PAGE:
The United States Computer Emergency Readiness Team, or US-CERT, within the National Protection and Programs Directorate at DHS, recently released its inaugural edition of a series of annual reports on cybersecurity trends. The US-CERT Security Trends Report: 2012 in Retrospect identifies the most prevalent malware, the means by which it entered a network or device and what the infected device was used for in 2012. Cybersecurity vendors should take heed to what the report calls out as the “single biggest conclusion” that can be drawn from the data and analysis presented in the report, which is that the prevalence of malware is growing and it is becoming more complex.  Cybersecurity is one of the few growth areas in Federal IT and the better informed you are of the current threats to government networks and devices, the better you’ll be able to sell your solution.

Data was collected from both public and private sources, including DHS’ EINSTEIN system, and showed that about 8% of consumer grade users experienced a malware infection in 2012, with one in five of those infections caused by the user clicking and installing the malicious software. The most common way malware was introduced to a device was through vulnerabilities in programs such as Microsoft Office, Adobe Reader, and Java. The majority of these infections could have easily been avoided by practicing proper patch management. Updates for vulnerable programs are released regularly and if your software is not up-to-date, your device is still at risk.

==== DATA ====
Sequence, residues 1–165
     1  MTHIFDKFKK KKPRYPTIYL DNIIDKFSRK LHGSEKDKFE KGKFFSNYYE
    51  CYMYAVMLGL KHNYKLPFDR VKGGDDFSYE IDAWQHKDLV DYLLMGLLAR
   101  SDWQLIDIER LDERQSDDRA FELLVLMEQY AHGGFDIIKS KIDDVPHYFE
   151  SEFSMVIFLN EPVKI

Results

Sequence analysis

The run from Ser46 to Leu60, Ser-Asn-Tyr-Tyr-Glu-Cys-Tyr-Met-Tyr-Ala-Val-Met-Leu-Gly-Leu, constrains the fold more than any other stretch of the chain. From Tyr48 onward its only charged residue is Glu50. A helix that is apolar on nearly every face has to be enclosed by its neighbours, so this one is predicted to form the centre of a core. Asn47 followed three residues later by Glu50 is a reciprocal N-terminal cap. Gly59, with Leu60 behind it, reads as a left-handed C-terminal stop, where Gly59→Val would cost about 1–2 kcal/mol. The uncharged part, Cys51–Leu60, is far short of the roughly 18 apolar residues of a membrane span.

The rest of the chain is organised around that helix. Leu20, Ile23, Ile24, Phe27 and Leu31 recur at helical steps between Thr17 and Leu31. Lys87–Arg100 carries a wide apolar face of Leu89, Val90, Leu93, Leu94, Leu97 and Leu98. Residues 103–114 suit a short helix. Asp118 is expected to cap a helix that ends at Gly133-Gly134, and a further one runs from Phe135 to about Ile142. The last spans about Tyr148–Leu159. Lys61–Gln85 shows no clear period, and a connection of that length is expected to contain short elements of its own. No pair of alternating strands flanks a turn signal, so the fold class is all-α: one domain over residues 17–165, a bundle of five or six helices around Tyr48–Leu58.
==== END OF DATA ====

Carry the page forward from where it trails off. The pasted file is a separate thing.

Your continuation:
Topping the malware prevalence charts is Sality, at 56% prevalence, with Zeus (and its 26 identified variants) following closely at 54%. Sality has been used to relay spam, proxy communications, exfiltrate data, and carry out Distributed Denial of Service (DDoS) attacks to name a few of its uses, while Zeus has been utilized to compromise financial and banking transactions all over the world.

To get an idea of how much the federal government intends to spend on beefing up their cybersecurity posture, let’s take a look at where they want to spend their cybersecurity dollars. Below is a table of the FY14 and FY13 budget numbers that are tied to specific Business Reference Model (BRM) categories across federal government agencies. As you can see, the majority of cybersecurity related BRM categories are seeing an increase in requested dollars in FY14, though, since we are currently operating under a Continuing Resolution (CR), agencies will likely receive amounts closer to that of FY13 numbers. The FY14 numbers are still informative in that they reveal the federal government’s priorities in terms of where they want to spend the most money, even if they don’t get all that they asked for. Though we probably won’t see a full budget, we will likely have an omnibus spending bill that will break some agencies out of the CR cycle that we have been experiencing.

Budgeted Cyber Spending by Business Reference Model (BRM) Category

BRM Category Sum of Total IT Spending
FY14 ($ M)
Sum of Total IT Spending
FY13 ($ M)
Threat and Vulnerability Management

824.31

735.10

Continuity of Operations

671.67

633.92

Data Integrity and Privacy Management

196.85

181.21

Continuous Monitoring

182.23

200.51

Access Control

81.35

76.77

Identification and Authentication

70.43

70.80

Incident Response

17.50

20.24

System and Network Monitoring

13.33

11.88

Data Recovery

2.27

2.39

Grand Total

2059.95

1932.84